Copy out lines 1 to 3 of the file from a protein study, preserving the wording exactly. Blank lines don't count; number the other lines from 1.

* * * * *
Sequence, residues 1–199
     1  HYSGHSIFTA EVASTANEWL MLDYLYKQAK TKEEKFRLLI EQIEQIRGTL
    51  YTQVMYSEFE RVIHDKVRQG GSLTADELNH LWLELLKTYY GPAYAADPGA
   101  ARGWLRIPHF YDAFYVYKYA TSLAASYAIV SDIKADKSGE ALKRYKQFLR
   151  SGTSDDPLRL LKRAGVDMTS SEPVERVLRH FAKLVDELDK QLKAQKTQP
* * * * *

Sequence, residues 1–199
     1  HYSGHSIFTA EVASTANEWL MLDYLYKQAK TKEEKFRLLI EQIEQIRGTL
    51  YTQVMYSEFE RVIHDKVRQG GSLTADELNH LWLELLKTYY GPAYAADPGA